“It’s really important for brands to have that authentic, believable story. In A&W’s case, its evidence behind their food and its whole ingredient story has been a powerful piece of the strategy,” says Shepansky.

“I’m a big believer in values-based brands and building strong values that you can use in your communication. I think more and more millennials are looking for brands they can believe in.”

After celebrating 19 years in business this November, Rethink is now looking ahead to 2019 and beyond. The three founders are building an independent agency with strong values and are “guiding, mentoring, governing and leading” the next generation of Rethink leaders. Among them are Aaron Starkman and newly appointed CD Christina Yu, who was recently hired from Red Urban to co-lead the creative discipline at Rethink Toronto. Its culture is what drew Yu to the indie shop.

“Since the day I started in the business, I had always wanted to work at Rethink,” she told strategy. “They’ve always been fiercely independent and prioritized people, product and profit in that order.”

Staying true to those roots and values is as important to the Rethink co-founders now as it was back in 1999.

“We don’t have a quarterly analyst to talk to [that we have to tell how] good our business is. We just run our business,” says Shepansky on the pluses of being privately-held. “We’re growing and we’re profitable, but we’re focused on our people doing the best work of their career for clients they believe in, and for a business that can make money and that’s values-based.”

Key new business

Heinz Mayo, Kraft Peanut Butter, Ontario Science Centre, KRAVE, WestJet, Ace Bakeries, UNIQLO, Mad Jack, Ottawa Tourism, Skip the Dishes, Pedalheads, Marcon, BeFresh, Uniqlo, CBC, Goldseal, Nicola Wealth, National Film Board of Canada, Maille, Sonnet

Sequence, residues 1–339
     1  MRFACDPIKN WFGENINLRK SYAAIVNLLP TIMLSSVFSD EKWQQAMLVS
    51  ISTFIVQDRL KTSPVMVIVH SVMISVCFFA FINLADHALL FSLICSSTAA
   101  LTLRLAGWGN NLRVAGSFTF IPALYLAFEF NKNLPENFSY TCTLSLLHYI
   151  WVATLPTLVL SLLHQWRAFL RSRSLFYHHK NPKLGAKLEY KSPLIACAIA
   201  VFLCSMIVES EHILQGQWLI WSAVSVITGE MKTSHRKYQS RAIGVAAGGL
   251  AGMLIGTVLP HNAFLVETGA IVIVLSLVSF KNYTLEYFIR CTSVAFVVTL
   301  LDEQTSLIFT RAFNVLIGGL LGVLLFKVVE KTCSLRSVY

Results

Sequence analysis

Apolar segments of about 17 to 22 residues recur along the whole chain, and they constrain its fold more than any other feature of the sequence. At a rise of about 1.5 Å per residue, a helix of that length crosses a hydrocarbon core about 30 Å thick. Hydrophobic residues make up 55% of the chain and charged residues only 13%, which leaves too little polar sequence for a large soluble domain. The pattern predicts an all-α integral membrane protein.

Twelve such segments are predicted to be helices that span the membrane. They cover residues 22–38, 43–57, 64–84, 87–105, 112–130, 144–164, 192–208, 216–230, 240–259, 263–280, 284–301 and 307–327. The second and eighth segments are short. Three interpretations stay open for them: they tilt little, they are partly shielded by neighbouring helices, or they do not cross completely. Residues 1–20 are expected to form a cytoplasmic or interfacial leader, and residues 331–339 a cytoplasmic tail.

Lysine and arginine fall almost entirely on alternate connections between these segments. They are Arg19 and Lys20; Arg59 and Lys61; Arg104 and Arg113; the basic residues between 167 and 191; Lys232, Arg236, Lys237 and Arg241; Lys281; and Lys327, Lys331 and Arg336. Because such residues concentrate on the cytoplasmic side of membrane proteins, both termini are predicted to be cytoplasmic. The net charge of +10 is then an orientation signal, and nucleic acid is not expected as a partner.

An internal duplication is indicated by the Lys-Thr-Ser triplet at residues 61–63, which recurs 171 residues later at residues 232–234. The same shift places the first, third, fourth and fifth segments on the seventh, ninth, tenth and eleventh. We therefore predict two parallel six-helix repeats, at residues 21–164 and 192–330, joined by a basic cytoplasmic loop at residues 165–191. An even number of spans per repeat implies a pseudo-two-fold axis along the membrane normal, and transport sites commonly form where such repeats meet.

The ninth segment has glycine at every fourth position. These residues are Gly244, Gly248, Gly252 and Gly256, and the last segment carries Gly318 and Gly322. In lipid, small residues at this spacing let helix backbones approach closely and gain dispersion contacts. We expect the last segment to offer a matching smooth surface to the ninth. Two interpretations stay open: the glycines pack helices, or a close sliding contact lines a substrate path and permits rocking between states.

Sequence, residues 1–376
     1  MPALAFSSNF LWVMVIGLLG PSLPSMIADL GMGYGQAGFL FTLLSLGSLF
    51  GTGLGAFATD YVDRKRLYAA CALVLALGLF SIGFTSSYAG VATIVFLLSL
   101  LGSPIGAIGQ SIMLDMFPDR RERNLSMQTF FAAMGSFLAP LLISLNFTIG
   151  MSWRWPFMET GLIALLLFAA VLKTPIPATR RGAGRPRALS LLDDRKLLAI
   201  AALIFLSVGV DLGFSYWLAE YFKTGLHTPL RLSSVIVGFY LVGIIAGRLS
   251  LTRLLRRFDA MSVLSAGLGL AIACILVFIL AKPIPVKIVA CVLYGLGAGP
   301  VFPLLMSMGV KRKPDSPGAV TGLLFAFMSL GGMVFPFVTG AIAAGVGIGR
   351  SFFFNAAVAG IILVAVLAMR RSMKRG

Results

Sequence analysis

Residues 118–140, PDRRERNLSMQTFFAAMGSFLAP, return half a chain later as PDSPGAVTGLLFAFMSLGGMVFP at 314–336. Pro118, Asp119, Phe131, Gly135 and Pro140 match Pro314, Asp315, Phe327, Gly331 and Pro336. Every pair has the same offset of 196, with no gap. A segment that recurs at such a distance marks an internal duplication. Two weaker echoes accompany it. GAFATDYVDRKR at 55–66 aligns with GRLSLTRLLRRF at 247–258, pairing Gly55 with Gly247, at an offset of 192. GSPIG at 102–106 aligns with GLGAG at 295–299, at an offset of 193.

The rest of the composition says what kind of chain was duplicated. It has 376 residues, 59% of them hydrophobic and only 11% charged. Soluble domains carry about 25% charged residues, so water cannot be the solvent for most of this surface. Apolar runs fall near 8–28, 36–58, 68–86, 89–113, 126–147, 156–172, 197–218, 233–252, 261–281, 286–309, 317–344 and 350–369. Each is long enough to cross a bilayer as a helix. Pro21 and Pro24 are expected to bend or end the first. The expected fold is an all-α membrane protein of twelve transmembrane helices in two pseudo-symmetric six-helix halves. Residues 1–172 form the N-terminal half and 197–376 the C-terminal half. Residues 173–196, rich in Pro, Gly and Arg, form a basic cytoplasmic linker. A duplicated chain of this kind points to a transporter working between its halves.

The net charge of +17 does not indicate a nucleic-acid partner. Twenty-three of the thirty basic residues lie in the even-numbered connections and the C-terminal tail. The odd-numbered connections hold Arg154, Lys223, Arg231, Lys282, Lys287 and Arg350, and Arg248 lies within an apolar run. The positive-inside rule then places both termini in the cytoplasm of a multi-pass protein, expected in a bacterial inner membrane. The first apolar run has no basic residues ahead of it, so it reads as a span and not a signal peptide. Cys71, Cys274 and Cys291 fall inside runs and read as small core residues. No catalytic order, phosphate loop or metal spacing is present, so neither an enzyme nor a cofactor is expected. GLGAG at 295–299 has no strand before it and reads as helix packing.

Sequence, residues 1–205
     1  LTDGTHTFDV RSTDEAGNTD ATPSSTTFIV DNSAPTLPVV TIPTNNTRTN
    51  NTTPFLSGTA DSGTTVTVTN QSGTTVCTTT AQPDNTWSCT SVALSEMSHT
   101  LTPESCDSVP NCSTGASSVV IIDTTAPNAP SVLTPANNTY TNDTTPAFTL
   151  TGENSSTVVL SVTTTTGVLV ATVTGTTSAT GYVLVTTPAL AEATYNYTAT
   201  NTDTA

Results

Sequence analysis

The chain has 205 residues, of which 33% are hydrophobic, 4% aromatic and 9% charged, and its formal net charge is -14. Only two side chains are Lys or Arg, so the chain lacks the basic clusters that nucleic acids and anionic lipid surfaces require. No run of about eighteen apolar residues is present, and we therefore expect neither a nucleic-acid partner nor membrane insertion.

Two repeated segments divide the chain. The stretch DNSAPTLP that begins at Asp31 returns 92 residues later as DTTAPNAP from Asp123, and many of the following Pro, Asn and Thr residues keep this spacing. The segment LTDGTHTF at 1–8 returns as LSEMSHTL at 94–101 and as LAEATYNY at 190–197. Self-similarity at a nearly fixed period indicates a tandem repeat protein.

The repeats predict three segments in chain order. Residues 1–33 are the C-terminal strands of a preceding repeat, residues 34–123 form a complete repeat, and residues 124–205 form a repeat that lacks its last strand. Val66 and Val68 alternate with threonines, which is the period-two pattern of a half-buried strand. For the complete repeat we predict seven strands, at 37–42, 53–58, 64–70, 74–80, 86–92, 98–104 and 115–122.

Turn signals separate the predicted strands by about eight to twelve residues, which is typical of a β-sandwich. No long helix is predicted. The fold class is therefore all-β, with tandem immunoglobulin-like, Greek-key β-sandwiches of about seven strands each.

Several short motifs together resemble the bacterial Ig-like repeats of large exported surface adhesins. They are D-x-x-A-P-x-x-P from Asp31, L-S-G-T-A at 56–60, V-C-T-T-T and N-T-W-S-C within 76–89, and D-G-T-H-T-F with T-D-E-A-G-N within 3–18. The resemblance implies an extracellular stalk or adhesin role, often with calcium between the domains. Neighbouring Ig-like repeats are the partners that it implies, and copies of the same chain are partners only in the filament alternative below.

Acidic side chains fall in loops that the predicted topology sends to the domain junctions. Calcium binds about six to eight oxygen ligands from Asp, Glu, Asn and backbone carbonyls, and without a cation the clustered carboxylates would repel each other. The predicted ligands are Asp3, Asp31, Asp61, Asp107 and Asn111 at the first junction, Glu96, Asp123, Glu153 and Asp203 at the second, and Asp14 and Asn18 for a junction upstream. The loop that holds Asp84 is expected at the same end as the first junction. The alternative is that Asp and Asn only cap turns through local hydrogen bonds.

Key hires
Christina Yu, managing partner, CD; Shelby Spigelman, director of broadcast; Dhaval Bhatt, CD; Stephen Parker, editor; Alex Butt, content producer; Thomas McKeen, motion graphics artist
Staff
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Cases

For full cases, go to http://daoy.strategyonline.ca/winners/winner/2018
Screen Shot 2018-10-01 at 1.49.19 PMFor its 50th birthday, Sports Experts wanted to inspire Quebecers to adopt a healthier lifestyle. A smart thermal imaging station was created to measure body temperature and reward commuters with discounts when they worked up a sweat. All they had to do was run or walk up a flight of stairs in a Montreal subway. While it may seem simple enough, the stairs in question were the steepest in the station, giving people a serious challenge if they wanted to earn a coupon. For instance, to get a 70% discount at Sports Experts, you’d have to increase your temperature by, you guessed it, 70%.

Iamge 1Using a digitally-led design system, Rethink worked with local folk with deep roots in their communities to tell their personal stories for Uniqlo.

AdvisoryFor YWCA, the agency disguised warning labels on YouTube to highlight how sexualization is still rampant in music videos. Mimicking labels that play before trailers, the “Six-Second Ambush Advisories” were unskippable and advised viewers of the content they were about to watch.

This article appears in the November/December 2018 issue of strategy.